The Algona Upper Des Moines from Algona, Iowa on September 27, 1945 · Page 8
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The Algona Upper Des Moines from Algona, Iowa · Page 8

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Algona, Iowa
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Thursday, September 27, 1945
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Page 8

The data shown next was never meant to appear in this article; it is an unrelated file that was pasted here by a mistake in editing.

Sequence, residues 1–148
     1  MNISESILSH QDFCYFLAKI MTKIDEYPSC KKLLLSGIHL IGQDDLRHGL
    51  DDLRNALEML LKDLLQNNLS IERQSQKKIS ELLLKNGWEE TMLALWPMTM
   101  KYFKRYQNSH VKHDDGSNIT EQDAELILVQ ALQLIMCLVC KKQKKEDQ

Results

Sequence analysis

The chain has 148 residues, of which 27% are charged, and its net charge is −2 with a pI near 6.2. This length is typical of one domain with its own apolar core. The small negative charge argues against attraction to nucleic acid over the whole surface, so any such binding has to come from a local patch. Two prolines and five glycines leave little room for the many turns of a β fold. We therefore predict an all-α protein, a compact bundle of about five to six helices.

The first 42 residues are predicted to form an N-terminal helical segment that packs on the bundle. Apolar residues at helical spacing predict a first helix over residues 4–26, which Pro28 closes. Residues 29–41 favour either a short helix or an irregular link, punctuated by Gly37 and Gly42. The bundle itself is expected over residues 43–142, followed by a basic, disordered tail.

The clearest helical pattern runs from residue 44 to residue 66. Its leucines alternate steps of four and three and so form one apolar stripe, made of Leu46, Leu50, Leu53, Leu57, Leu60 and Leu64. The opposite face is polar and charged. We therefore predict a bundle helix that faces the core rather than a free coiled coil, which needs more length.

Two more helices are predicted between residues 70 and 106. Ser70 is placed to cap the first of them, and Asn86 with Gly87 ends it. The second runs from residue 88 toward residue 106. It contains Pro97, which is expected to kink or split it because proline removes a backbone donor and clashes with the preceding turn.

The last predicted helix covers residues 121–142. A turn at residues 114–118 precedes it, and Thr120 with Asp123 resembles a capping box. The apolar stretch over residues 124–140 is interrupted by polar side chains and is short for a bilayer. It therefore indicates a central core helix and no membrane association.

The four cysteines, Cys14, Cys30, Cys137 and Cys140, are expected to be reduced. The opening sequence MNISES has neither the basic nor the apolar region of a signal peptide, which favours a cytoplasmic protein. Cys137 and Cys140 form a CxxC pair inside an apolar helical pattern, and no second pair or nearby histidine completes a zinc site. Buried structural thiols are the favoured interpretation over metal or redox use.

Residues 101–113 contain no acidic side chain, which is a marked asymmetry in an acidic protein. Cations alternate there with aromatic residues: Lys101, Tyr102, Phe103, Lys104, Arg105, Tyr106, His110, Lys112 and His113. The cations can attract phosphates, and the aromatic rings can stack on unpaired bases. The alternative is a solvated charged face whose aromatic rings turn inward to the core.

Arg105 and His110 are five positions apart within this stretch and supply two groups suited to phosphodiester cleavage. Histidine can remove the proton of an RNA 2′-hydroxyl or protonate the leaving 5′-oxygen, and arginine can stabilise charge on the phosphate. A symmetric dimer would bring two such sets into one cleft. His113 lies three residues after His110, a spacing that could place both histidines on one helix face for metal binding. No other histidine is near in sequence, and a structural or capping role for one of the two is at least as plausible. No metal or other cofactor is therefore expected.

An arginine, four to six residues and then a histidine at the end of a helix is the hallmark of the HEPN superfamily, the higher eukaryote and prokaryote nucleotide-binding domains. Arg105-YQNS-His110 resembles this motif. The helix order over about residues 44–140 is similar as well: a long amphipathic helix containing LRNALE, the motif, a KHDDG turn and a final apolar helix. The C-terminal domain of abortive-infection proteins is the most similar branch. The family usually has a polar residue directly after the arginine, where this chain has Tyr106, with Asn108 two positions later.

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jHgDtut 9 North Dodge Street 4. W. HAGGARD & R. B.-WALLER, Publishers Entered as Second Class Matter at the Postoffice at Algona, Iowa, under act of Congress of March 3, 1879. Issued Weekly. AWARDS General Excellence, 2nd, 1940 Best Iowa Weekly, 1933 Nat't Edit. Assfnr Awards in 1936-1938 SUBSCRIPTION RATES IN iKOSSUTH CO. One Year, in advance $2.50 Upper Des Moines and Kossuth County Advance in combination, per year... $4.00 Single Copies 7c SUBSCRIPTION RATES OUTSIDE KOSSUTH •One Year, in advance $3.00 Upper Des Moines and Kossuth County Ad* vance in combination, per year $5.00 No subscription less than 6 months. ADVERTISING RATES Display Advertising, per inch 42c CIRCULATION—OVER 4,000 WEEKLY Editorial By J. W. Haggard The Iowa Hen The poultry business in Iowa has gradually Tisen for some years and last year amounted to about ten per cent of the farm income according to Leslie M. Carl, state federal crop statistician. The poultry raisers of Iowa received $162,000,000 in cash for chickens and eggs. The price of eggs during last year as well as so far this year has be,en about forty cents per dozen, while in many ether states eggs have sold much higher. In the western states eggs are selling for 75 cents and higher. In San Antonio, Texas, last week, eggs were selling for 65 cents per dozen. In Iowa, one of the greatest producers of poultry in the country, the sale of chickens amounted to $51,000,000, $98,000,000 was paid for eggs during the year, and 513,000.000 for turkeys. It is stated that the Iowa hen brings in about 10 per cent of the farm income and outranks the Iowa dairy cow, which brings is only about eight per cent of the farm income. Last year the egg production in Iowa amounted to 4,333,000,000 eggs, the highest yield in any one year so far recorded. Over 51,000,000 chickens were produced. The number of chickens sold represented 113,000 tons of meat and came in handy in helping to supply meat for the nation during the beef and pork shortage. It would look as though the Iowa hens sensed the war would cause a shortage of meat and got busy in 1941 with the highest production of chickens and eggs on record and which has steadily increased each year since. We should certainly take off our hats to the Iowa hen—as well as the rooster. time for this earthly planei Nevertheless he is positive that "the end could be any day from the 21st through the 30th of September." Me says that the end will come In a manner similar to the explosion of an atomic bomb, and fleeing to the hills will be of no avail at this time. KeV. Long and his son seem ot be in high spirits, however* and seem to be looking forward to the crowning event. Some twenty years ago the end of the world was prophesied each year and many seemed to believe the prophesies and "set their house in order" and begged forgiveness for their sins. When the prophesy was not fulfilled (they went back to their old way of living and forgot the matter until the following year. It was a sort of an annual revival stunt and it may have been of spiritual benefit to some. However it seemed to haxe gone out of 'fashion and the old world has been left to take care of Itself of late years. In the meantime the end of the world has indeed come to many as it always has. But this time Rev. Long is positive that allowing for all errors he may have made, September 30th is all the time he will give us. Hickenlooper Voted Right The "unemployment" bill recommended by President Truman, offering a premium for loafing, won a vote of approval in the senate banking committee last week, by a 12 to 7 vote, but it has a long way to go yet to become a law, and after that congress would have to vote to appropriate the necessary billions or millions to really make the law effective. The vote in this committee was strictly along party lines. Only one republican voted to approve the measure and only one democrat voted against it. We are glad to note that our own senator Bourke B. Hickenlopoer, voted his disapproval of the bill. Sometimes we think that the greatest difference between two old parties is largely the matter of looking ahead and figuring where the money is coming from. The democrats are inclined to vote for anything without a thought of where we are going to get the money, while the republicans want to know how we are going to pay the bills. It is a thought that may be peculiar to many, but some people still think that there is little or no sense in putting a premium on loafing. Tempest in a Teapot It sometimes looks as though the newspaper boys are too keen about reporting things and casual words of persons in high position and the publicity often is the cause for trouble. Last week when General MacArthur casually remarked in the presence of some news men that it began to look as though it might only take 200,000 men for the occupation of Japan, as things seemed to be going along so well. It was a little burst of optimism and nothing more, .but from the noise coming from Washington a person could easily imagine an atomic bomb had been dropped on the capital city, and acting secretary of state, Dean Acheson, newly appointed, bristled up, thinking his author- tiy had been questioned. He issued a "stern" rebuke to MacArthur, and notified him that the United States government and not the occupation forces, under MacArthur, were determining American policy towards Japan. It looks as though the smart new acting sceretary of state was trying to get in the center of the stage and have the spotlight turned on while his boss was .-away. It was plain to be seen that Acheson had •made his criticism without the knowledge of President Truman, who at a press conference the day before had been glad to accept MacArthur's 200,000 figure and said that he was glad that it could :be made so small, although of course no one icnrtld accurately estimate exactly how many *lroops would be needed. Certainly President Truman showed no sign of being affronted, but in fact was very plainly pleased with MacArthm-'s statement. He apparently took the General's statement as it was intended, and was not afraid of his dignity and authority being questioned. It might be a good idea for Secretary of State Jim Brynes to get back on the job as soon as possible and let Acheson take a rest cure. The End of the World It seemed like old times last week when the papers printed pictures of the Rev. Chas. G. Long and his son Richard, retired missionaries who were predicting the end of the world which they dated to take place last Friday, September 21. However, Rev. Long admitted that he could not be positive as to the exact time, as it had been seven years since he had a vision picturing the end of all Compulsory Military Education Regardless of what continuation of the draft takes, it cannot please everybody. The original idea of drafting men only between the ages of 18 to 21, may now be succeeded by a program of drafting men only between the ages of 21 and 26. Reason for the proposed change is that the younger age bracket may not have "completed its education." Actually, either plan is going to interfere with education, one way or the other, if the young man intends to go to college or university. However, by the time most young men reach 18 they have completed or are about to complete their high school education. If their military education—which probably will turn out to be a one or two-year hitch, occurs at that time in life, they still are not too old to enter a university following their military service, if they so desire. With the other program, if they graduate from high school at 18, they then have three years Curing which they cannot plan anything definite, because they would anticipate entering military service at the age of 21. All programs have good and bad points, but perhaps the 18 to 21 year bracket has more in its favor than any other. At 18, a young man has not entered his life's work. Two years of military training—or one year—at that stage of life—can be given most easily. . And if the services carry out an intelligent training program, there- is no reason to believe that the young man will suffer by it. He may eyen develop physically and mentally, see a lot of the world early in life, and at the age of 20 or 21 be ready to Continue a scholastic eduaction or enter a chosen field of work, better off for his experience. —R. B. W. Opinions of Other Editors "No Strike" Pledge Violated Webster City Freeman: "Labor, champing at the restraints of its no-strike pledge, is finding new ways of applying its strongest weapon—economic force—against employers," says Business Week. "By using such devices as mass sickness, work slowdown, and refusal to stay on the job without a written contract, labor is techically in compliance with its work pledge, while actually circumventing it to press demands." Labor overlooks the fact that a point can be reached where it can demand more than industry can give. It overlooks the fact that practices such as it is indulging in, to the detriment of pur final war effort, are costing it public good will. If it continues its present policy, it will wind up like the individual who killed the fabled goose that laid the golden egg. A labor monopoly can drive the cost of production so high that the public cannot buy, and then goodbye, golden eggs (jobs). * if- * Northwood Anchor: Persons close to the national administration, especially some members of Congress, seem to have become obsessed with the idea that because workers have received high wages during wartimes'they must, having become accustomed to unusual prosperity, be continued in that condition, even at public expense. Money hasn't been growing on trees nor will it come for the mere picking in peacetime, although the political urge to make everybody prosperous is attain- in" alarming proportion. Republican Congressman Martin wants to give every ex-president of the United States a pension of $25,000 a year whether or not he needs it. Where's all the money coming from? Far Beyond The "Call of Duty" A FREE PRESS J •TORCH OF 4 No other group of business or professional men was asked to contribute so much of their time, products and personal expense in the form of labor, paper, ink and distribution, to the winning of the war on the Home Front as the publishers ot newspapers. Newspapermen rarely expect or receive recognition or credit for their services—usually these services are taken for granted. But it is one example of the manner in which 'YOUR newspaper serves you, your city, community, state and nation. Your home town newspaper may not be the largest newspaper in the world, but it is the greatest newspaper in the world so far as you and your community are concerned. Your sons and loved ones on the global war fronts have discovered this. We are entering a new era, one that we hope will be both peaceful and prosperous for everyone. Your home town newspaper will continue to be a leading participant in, and booster for, city and county development. It's value to the community is one that cannot be accurately measured by a subscription price or advertising rate. It's service and value far exceeds its cost either to the reader or to the business man. SERVING KOSSUTH COUNTY, IN PEACE AS IN WA» Iowa's Most Potent Semi-Weekly Newspapers Kossuth County Advance AJgpna Upper Pe» Moines Published Tuesday Published Thursday Re*i«^fflr^ W« have no quarrel with the 1 boys at the prisoner-of'war camp ... we mean the boys in khaki.. . but dang it we wish we knew where some of them came from so we could retaliate for their using the name "Goonville" in their camp paper, The Pow Wow, when referring to Algona. Al Amunson, the optometrist, thinks that times are getting more normal, and courtesy is returning, which is a good sign . . . recently e received a glass case and glass- s from the Pullman Co. in New ersey . . . said glassses were left n a Pullman by a local man, ound, and forwarded to Al be- ause the glass case had his name n it ... the glasses are now doming the right nose. * * •* We note with interest where a ouple of kids were fined in Des VIoines because they were riding two on 9 bike". Times have cer- ainly changed; It used to be that bility to ride two on a bike was evidence of an expert bicyclist, nd now it's a crime to do }t ... maybe Harlan Miller of the Reg- ster should investigate this mater. * * * Incidentally, Mr. Miller, some lay we're coming down to Des Moines and write a column after ooking in your store windows. * * * CHIVALRY —The attitude of a man toward a strange woman. * * * Noted a couple of quite young adies, clad in slacks, doing a good ideline job of supporting the foot>all team last Friday night . . . hey exhibited so muchlpep, both itting still (which wasn't often) and standing up (which was most of the time), that we asked them heir names . . . Sandra Shumway and Barbara Bourne, the latter dolled up in an appropriate red and black outfit to match the occasion. * * * ROLL CALL Three kids romping, wild and free. Often sound like thirty-three. Two with toys, it's understood,Make more mess than twenty should. One kid, active, young and strong, Goes like sixty all day long. Only when they're deep in slumber Do they seem a normal number. * * * Jack Johnston, genial J. P., has worked out a little cribbage session with our court reporter and the series stands in Jack's favor at this time . . . however, we have nside information that if Jack would get a new deck of cards and ;hrow away the 1920 relics he is using, his opponents might be able to decipher the spots and pictures a little better. * * * Perusing the Swea City Herald we note that Bay Sperback makes ^articular mention of his fondness :or the boys in the army air corps . for which we don't blame him . but reading on a little farther we find that each time they visit lim they bring along a couple of big, thick, juicy steaks ... if peo- 3le will do that for us we'll put .heir names in the paper, too. * * * Chief Petty Officer: "Are you free this evening?" Gal: "Well, not exactly free, but very inexpensive." * * * In answer to those who have asked about the restoration of the Drewar "Football Guessers' Con- .est", we'll have to skip it until next fall. Not enough time to get t properly organized this year. * * * PUZZLE OF THE WEEK: Algona firemen are wondering where all the people pop up from ,at 4 a. til. when they answer & fire alarm on State Street. . < the trucks ar^ five to find a deserted main stem . , . three minutes later they have to elbow the crowd out of the way ... they report, too, that there was a preponderence of men in uniform and young ladles, all of whom seem to have been hid ing. just around a corner. Slut Leigh and his wife, who farm near Algona. fecently witnessed the marriage of Sim's brother to Mrs. Leigh's sister . "Shucks," said Sim, "we don't get any new relatives, at all, this way." * * * Last week, In our usual accurate manner of reporting minute details (what are we saying!) we told you of Mrs. Shirley Pratt canning peaches and to watch for results ... to bring you up to date on this matter, we can now Inform you that they all spoiled .. . seems there was something about boiling them beforehand, or something like that, that was left out of the procedure. * * * In all the obituaries of former U. S. Senator Clyde L. Herring, we failed to note the thing we admired him for most ... he voted in pre^Pearl Harbor days for every measure that came up that would help prepare this country for the conflict that it could not escape ... he never once cast vote that tended to sabotage preparedness efforts, and there were plenty who did. * * * Well, Mike Loss and Glenn Jenkinson have been in to renew acquaintance with this column but where in heck is John Bormann—he's usually the first one we seen. * * » Laura Mitchell, who teams with Adah Carlson to handle the city's clerical matters in the city-hall, once worked on a newspaper in Winona, Minn. . . . one day the boss decended on her with a slip of paper in his hand . . . seems Laura had ordered 20 barrels of red ink, ' instead of 20 pounds . . . perhaps the paper is still being .printed in red! * » * For the information of those whc remember the airport srtuggle of a few years ago it might be interesting to note that Mason City has just signed a contract with Mid- Continent (now merging, with American Air Lines) by which the airline pays a substantial sum for each stop to be made . . . and several a day are being planned . . . in the meantime Algona's own airport efforts are stalled in a legal action in the state supreme court over condemnation of land desired for the local field. * * * An ensign and a jg were seated in a cafe. Across from them sat a ^eaman with a beautiful blonde. The two gold braids wanted to meet the gal-but didn't know how to get around the sailor without pulling rank. Finally the jg wrote a. note and sent it to the sailor. The note read: "I believe I studied with you at Yale and the ensign with me be- liv.es he studied with you at Princeton. Please come over and straighten us out." To which the seaman replied via return note: "I didn't study with the ensign at Princeton, nor did I study with you at Yale. I did study at the National Taxidermy School in Chicago, however, and I'm taking care of this pigeon myself." » * * Famous Last Line: The young lady was' not a local product. V7C11WCU A faniily ::'ftfcv-."WB»»l<»-~- and Blcftle dinner Was held at the A*sB. Nelsdn holfte'Sunday. Thbsie present Included Hlehisfrd and Belores of westifiend; Mf, and Mrs. Henry FJfoelmg and daughter, Mr. attd Mrs> Russel Edwards and family of Mallard; Mf> and Mrs. (Lester Edwards and daughter 6f Efnmeisburg; Mr. and Mrs. Henry Wilberg and Mrs. Kenneth Malver- son and children of renton. / Birthday Anniversary,; Mrs. Norman Thompson observed her birthday anniversary. In honor of the 1 occasion relatives came in and spent the evennlg with them. Present were Mr. and Mrs; Kalmar Randa and family of Ringsted, Mr. and Mrs. Sam Oleson, Mr. and Mrs. Curtis Olsen and family, Mr. and Mrs. Albert Cody and Mrs. Ole Pederson. Celebrates Milestone (Harriett Olsett observed her birthday anniversary last Friday. In honor of the occasion Mr, and Mrs.'" Harvey . Echart, Mrs. Earl Stafford and Mr. and Mrs. Kenneth Larson and son were supper guests, Other evening callers were Mr. and Mrs. Norman Thompson and LaVon, Mr. and Mrs. Albert Cody and Mr. and Mrs. Sam Oleson. Mrs. Howard Preston and sons were afternoon callers. Pvt. Joe Crowley is enjoying a furlough with -his parents. He is stationed at Rosewell, New Mexico. Mr. and Mrs. Ole Pederson were last .week Sunday dinner guests at the Orville Millers near Swea City. Mr. and Mrs. Russel Edwards and daughter of Mallard were Friday callers at the A. E. Nelson home. • Mr. and Mrs. Henry Looft and sons were Sunday dinner guests at the Supt. E. R. Swanson home at Titonka. Donna Jean Bollig who teaches at .the 'Whittemore public school, spent last week end with her parents the J. W. Bolligs. Misses Julia and Anna Conwell and Wanda and Harriett Olson spent Sunday afternoon visiting Helen Cody at Esthervllle. Mr. and Mrs. Clarence Petersen and sons were Sunday dinner guests at the home of the letter's parents the Herman Madsens at Ringsted. Mr. and Mrs. Wm. Sanders and Roger spent Friday afternoon visiting with Mrs. Otis Sanders, who was a guest at the Wm. John home near Swea City. Mrs. Ray Osborn took her mother Mrs. Clyde Cooper to the Harry McChane home near Burt Saturday afternoon. Mrs. Cooper has flf*. wg iff aliiorhii a«a wntrK&s; spent tht past tt^Weeks' ivlsitifif titterM th» s^eis city Bodge Friday t<j help <6ar6 fdf a new% graMdautthte*; i m&iily Bbrli to Mir. MA Mrs. fr8d JfoHft* soft. The Johnsons ii&w have a family of twa iiriav Mf. ahd Mrs. J. WY lolllg a** cbmpanied Donna jean and Betty Ann spent the week i end visiting Mr. Boliig"s relatives at comfrey, Mlnn.y find with Mrs. ;Bsllig's brothel' the Harry Smiths at St. James, Mi&ri. Fenton School's Note* for Week Feriton: Room 1 has 13 first graders, and 0 second graders. The second graders had a number test Friday and Gary Ziimach, Alvlha Miller artd Barbara Speth had perfect papers. Second graders receiving 100 per cent In spelling Frl^ day were Donald Halnzlnger, <3ary ZumaCh, Yvonne Borchardt, Ivan Welsbrod, Yvonne Stlgman, Barbara Speth, David Householder and Alvlna Miller. Room 2 has 11 third graders, D fourth graders and 6 fifth graders. The following had 100 per cent li? spelling, Friday: Sharon Eigler, , Irvington Church CHICKEN SUPPER Will Be Held Tuesday, Oct. 9 Serving will start at five o'clock Price 65o plate . |oln|6rVlh|^| 6fld ttafls Jeaiflu 5 Seventh gradfefS aiid 1 elgWin If |d» «fs. In Tpelliftl they have ch&seft up Sides id see ^hlch side pts the highef grades over,a, period of twelve weeks. James Mienke is the leader of the Reds, ; and Carole Jane is leader fcf the Blues* Juan« ita Mae Straley wa-s the bnly seventh grades? to have 100 per cent in Spelling" Friday. -_^_. • Towmend Flash tly Air*. :L At; Anderson Have the aged American citizens earned a government ah* huityt They, the pioneer citizens, have given us our great heritage, "America", her great farms, mines, shops, mills,'cities, railroads, "bridges highways, her machines and tools. Yes, even America's great educational school system. Those who are how over 60, and those honored,'dead who before them wrought and laid down their tools have \given us all that we have. Certainly they have earned, at least, a decent retirement when t.hey come to a place in life where they are not required, (nor wanted) In production. . .Let us see that all elderly citizens recteive federal Townsand Plan benefits as an honorable pension, a right of citizenship, and. not on the basis of humiliating need or cold charity. Let us see to it that all American workers are properly Insured against the hazard of unexpected disability and that all small, dependent children, when rendered fatherless through accidents or deaths are properly cared for and made secure through pop- er Insurance benefits of the Townsend Plan.—Adv. Seneca Stars 4-H Club Holds Election Seneca: Wanda Olsen was hostess to the Seneca Stars 4H club at her home Saturday afternoon. Due to the absence 01 the president, Jeanne Wilberg, also the vice president, Donna Jean Cody, both of whom have enrolled as freshmen at Waldorf college, Wanda Olsen was appointed to act as chairman. The business meeting included election of new officers for the ensuing year. Wanda Olsen was elected president; Donna Moore, vice president; Margery Moore, secretary; Shirley Culbertson, treasurer; Donna Classei, reporter; Delores Wilberg, historian and Dorothy Osborn, club photographer. Following the business meeting LaVon Thompson read "The Symbol of 4H Uniform." Wanda Olsen demonstrated proper table etiquette. The meeting closed with the 4H pledge. Planned recreation followed after which lovely refreshments were served by the hostess. Ruth Sanders, who was a guest of the club at this meeting, will be enrolled as a member at the October meeting. Diego, Calif. Bruce is a-1945 grad uate of the Algona high school. No Restrictions On FURNACES Somt Models Available Now Many families will 'be enjoylm • loon that new pre-*ar quality Green Colonial Furnace they've been waiting for. HAVE YOU PLACED YOUR ORDER? If not, do It quickly; the demand If heavier than the Im- v mediate lupply — but you'll. alwayi b: glad you waited for a Green Colonial Furnace. See Ul today. Whether you prefer coal, oil or gat there 1 ! a specially designed Green Colonial Furnace „_„.„. to insure your conuort. B«OWRK» Laing & IHuckey Phone 464 N. Dodge St. Algona. Iowa "A Dollar In Time May Save N . M me If you had the additional capital that a loan from this bank could provide, could you save . . . BY BUYING in larger quantities ... or at off-season prices ... or on a raising market ... or at sacrifice prices for "cash? , BY TAKING Cash Discounts?- ,. BY SECURING labor-saving or more pro- ;,..:^ ductive operating equipment?' •'••'-•"i^ BY REP AIRING or stream-lining your present equipment, fixtures, stock or operating procedures? We know others are saving by borrowing. Let's discuss what you might accomplish.. IOWA STATE BANK 'ALGONA , Member Federal Deposit Insurance Corporation Ralph Miller, President Harold Gllmore, Cashier . i Roy McMahon, Ass't Cashier Livermore Teacher Resigns Bode: Mrs. Harold Johnson has resigned her teaching position in the Livermore school, and soon expects to join her husband, S-Sgt. Johnson, who is now located in Oklahoma, at Oklahoma City. He has just completed a 30- day furlough from overseas service. Merlin Larson Weds Swea City: Merlin Larson and his bride arrived from Minneapolis, Tuesday, to visit his folks here. Mrs. Larson is the former Marjorie Cattral of Clinton, Iowa. The couple were married Sept. 14, in a Methodist church in Minneapolis. Enlists In Marines Bruce J. Shore, son of Mr. and Mrs. Glenn Shore, enlisted in the marine corps September 6 at Des Moines and was later sworn in at Omaha. He Is now a private stationed at the boot cswp in Sap "Relax" is the word... Have a Coke ,, .or makings rest refreshing Wartime tension and overtime work wake relaxatiQa doubly important! Whether fishing or spending Sunday on .your pwn porch, there's nothing like ice-cold Goca<Cola to make a brief rest refreshing, Kgep Oo^'Qpfe \ • .. • '' ,'' '-.•"'• V '•• ; : ' : in your refrigerator at home. HWQ 4 Qo^e is the uwtatipn to,- tnjpy • * hflf Ctow Mineral lows